As Abed told us this, tears started to well up in Emmi’s eyes and when the woman saw this she immediately reached into her pocket and handed a chocolate bar to Emmi saying “ Al Ham du Lilah!”, “Al Ham du Lilah!” meaning “Thanks be to God! Thanks be to God!” in order to comfort her.

Before we knew it we were being served tea, coffee and chocolate by all the women who had gradually gathered to get through the gate. One of them said she liked my fishing hat that I wear all the time. It is a dark blue, broad brimmed hat with a logo showing Fowlers Bay Eco Park – my all-time favourite fishing spot back home! It was so funny that they liked it that I gave it to them and pretty soon everyone was cracking up with laughter as they passed it around trying it on!

And this is the picture I keep getting here in the West Bank. People being forced to live under sorrow and oppression but never failing to be hospitable and share in the funny side of life.

Eventually the soldiers arrived and opened the gate. About 15 women and a few young boys passed through in order to do a day’s work. Working in the Seam Zone is problematic at the best of times. Suhad Hashem, from the Palestinian Medical Relief Society (PMRS), told us that getting medical help if you are in the Seam Zone is very difficult because ambulances are not allowed into the Seam Zone unless they go through the long process of the checkpoints. If you are in an emergency, then the ambulance must stop at the checkpoint and the person must be brought to the checkpoint from the other side where they have been injured, then go through the checkpoint and be loaded on to the ambulance and taken to hospital. A person injured or sick in the Seam Zone cannot be treated in Israel where better medical facilities are common.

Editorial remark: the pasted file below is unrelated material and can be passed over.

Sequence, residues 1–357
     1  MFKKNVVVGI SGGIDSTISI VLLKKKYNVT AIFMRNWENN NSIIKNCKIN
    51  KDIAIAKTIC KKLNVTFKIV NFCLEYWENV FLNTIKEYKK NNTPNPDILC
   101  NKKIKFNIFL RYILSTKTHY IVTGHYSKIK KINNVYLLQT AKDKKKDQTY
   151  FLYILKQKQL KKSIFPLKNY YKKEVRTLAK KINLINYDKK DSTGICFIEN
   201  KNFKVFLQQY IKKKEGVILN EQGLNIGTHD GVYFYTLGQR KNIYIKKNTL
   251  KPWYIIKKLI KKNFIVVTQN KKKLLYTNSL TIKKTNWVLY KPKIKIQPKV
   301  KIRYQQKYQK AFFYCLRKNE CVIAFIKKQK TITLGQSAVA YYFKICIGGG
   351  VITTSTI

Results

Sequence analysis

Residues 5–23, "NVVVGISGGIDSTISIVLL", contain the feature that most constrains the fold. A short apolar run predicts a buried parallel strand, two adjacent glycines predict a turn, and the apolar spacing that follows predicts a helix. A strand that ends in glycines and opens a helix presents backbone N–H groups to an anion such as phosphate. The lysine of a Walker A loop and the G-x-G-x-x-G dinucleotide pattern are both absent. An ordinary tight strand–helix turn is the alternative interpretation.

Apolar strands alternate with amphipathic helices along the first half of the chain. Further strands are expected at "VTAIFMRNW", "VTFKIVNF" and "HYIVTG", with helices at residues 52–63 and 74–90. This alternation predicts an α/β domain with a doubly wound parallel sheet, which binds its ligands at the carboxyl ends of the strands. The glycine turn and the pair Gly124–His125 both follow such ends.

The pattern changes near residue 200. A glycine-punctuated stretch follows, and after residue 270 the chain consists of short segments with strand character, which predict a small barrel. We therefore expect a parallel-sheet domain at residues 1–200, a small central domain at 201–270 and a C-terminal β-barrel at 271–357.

There are stories of people dying in emergencies because they can’t get through the checkpoints quickly enough but a far greater problem is that people miss appointments and don’t get the medication they need in time to prevent their conditions getting worse, ultimately even leading to them dying prematurely of preventable causes.

If the state of Israel respected International Law, then these women would be better looked after, but as it is, vulnerable people like them are at the mercy of a system that is indifferent to their plight, just the opposite of what a nation that says it cares about human rights would be doing without having to have International monitors visit them to protect the people who need it most.